The Mekedatu Project:
Karnataka has demanded that the Cauvery Water Management Authority (CWMA) give clearance for the detailed project report (DPR) of Mekedatu Balancing Reservoir Project in its next meeting.
- Tamil Nadu has protested against Karnataka’s move to build a reservoir on river Cauvery at Mekedatu.
- However, the Karnataka Government has asserted that there is no “compromise” on the Mekedatu project and the state wants to undertake the project.
- The Centre has said the project required the approval of the Cauvery Water Management Authority’s (CWMA).
- The Detail Project Report (DPR) sent by Karnataka was tabled in the CWMA several times for approval, but the discussion on this issue could not take place due to a lack of consensus among party states Karnataka and Tamil Nadu.
- Also, as per the Cauvery Water Dispute Tribunal‘s final award, which was modified by the Supreme Court, acceptance of CWMA would be a prerequisite for consideration of the DPR by the Jal Shakti Ministry.
- Since the project was proposed across an inter-state river, it required approval of lower riparian state(s) as per the interstate water dispute act.
About the Project:
- Mekedatu is a multipurpose (drinking and power) project.
- It involves building a balancing reservoir, near Kanakapura in Ramanagara district in Karnataka.
- The project once completed is aimed at ensuring drinking water to Bengaluru and neighboring areas (4.75 TMC) and also can generate 400 MW power.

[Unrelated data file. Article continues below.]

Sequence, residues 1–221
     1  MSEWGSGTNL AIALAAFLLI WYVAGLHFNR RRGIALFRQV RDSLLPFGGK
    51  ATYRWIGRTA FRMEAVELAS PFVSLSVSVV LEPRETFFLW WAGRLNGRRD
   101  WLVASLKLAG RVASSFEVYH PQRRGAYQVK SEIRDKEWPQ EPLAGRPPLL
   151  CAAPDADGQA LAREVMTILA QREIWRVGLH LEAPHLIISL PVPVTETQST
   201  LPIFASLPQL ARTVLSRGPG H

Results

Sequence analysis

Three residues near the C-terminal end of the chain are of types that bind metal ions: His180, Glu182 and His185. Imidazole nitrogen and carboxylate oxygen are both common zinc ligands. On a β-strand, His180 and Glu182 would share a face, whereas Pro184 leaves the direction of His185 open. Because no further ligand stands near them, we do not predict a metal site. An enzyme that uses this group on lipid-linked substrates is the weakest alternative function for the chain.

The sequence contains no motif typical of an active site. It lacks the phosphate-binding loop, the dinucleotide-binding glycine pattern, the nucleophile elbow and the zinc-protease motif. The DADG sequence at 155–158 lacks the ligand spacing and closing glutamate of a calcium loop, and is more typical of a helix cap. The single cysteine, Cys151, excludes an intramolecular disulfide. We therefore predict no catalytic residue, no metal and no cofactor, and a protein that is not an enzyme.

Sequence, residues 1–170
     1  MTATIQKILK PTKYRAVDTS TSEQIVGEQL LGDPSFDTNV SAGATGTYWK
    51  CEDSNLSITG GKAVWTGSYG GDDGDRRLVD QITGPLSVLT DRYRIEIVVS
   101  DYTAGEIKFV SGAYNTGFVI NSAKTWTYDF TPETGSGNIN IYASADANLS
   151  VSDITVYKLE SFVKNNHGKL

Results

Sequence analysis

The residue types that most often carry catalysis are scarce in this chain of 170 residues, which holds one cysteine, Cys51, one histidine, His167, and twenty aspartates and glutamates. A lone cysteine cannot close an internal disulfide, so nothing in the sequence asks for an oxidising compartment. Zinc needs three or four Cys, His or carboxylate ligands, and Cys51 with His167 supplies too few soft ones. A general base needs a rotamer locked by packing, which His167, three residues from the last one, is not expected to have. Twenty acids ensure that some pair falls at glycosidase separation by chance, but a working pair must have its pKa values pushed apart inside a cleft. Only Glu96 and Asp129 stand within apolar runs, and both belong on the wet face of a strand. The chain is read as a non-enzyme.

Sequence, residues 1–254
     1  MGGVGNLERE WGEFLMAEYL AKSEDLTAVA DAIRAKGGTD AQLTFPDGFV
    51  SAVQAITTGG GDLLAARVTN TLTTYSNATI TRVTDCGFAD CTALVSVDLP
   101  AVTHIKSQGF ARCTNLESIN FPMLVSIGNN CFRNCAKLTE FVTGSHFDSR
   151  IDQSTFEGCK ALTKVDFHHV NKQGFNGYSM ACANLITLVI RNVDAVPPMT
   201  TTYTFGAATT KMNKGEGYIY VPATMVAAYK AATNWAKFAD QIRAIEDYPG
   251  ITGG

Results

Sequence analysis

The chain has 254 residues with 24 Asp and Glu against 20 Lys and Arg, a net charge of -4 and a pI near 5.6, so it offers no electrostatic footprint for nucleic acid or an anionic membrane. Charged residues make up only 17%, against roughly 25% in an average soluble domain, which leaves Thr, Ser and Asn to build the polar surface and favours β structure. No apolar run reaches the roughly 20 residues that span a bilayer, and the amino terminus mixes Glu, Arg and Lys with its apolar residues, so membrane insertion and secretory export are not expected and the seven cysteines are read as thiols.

- The estimated cost of the project is Rs 9,000 crore.
It says, the CWDT and the SC have found that the existing storage facilities available in the Cauvery basin were adequate for storing and distributing water so Karnataka’s proposal is ex-facie (on the face of it) untenable and should be rejected outright.
- It has also held that the reservoir is not just for drinking water alone, but to increase the extent of irrigation, which is in clear violation of the Cauvery Water Disputes Award.
- The tribunal was set up in 1990 and made its final award in 2007, granting 419 tmcft of water to Tamil Nadu, 270 tmcft to Karnataka, 30 tmcft to Kerala and 7 tmcft to Puducherry.
- The tribunal ordered that in rain-scarcity years, the allocation for all would stand reduced.
- However, both Tamil Nadu and Karnataka expressed unhappiness over the allocation and there were protests and violence in both states over water-sharing.
- That saw the Supreme Court take up the matter and, in a 2018 judgment, it apportioned 14.75 tmcft from Tamil Nadu’s earlier share to Karnataka.
- The new allocation thus stood at 404.25 tmcft for Tamil Nadu while Karnataka’s share went up to 284.75 tmcft.
- The share for Kerala and Puducherry remained unchanged.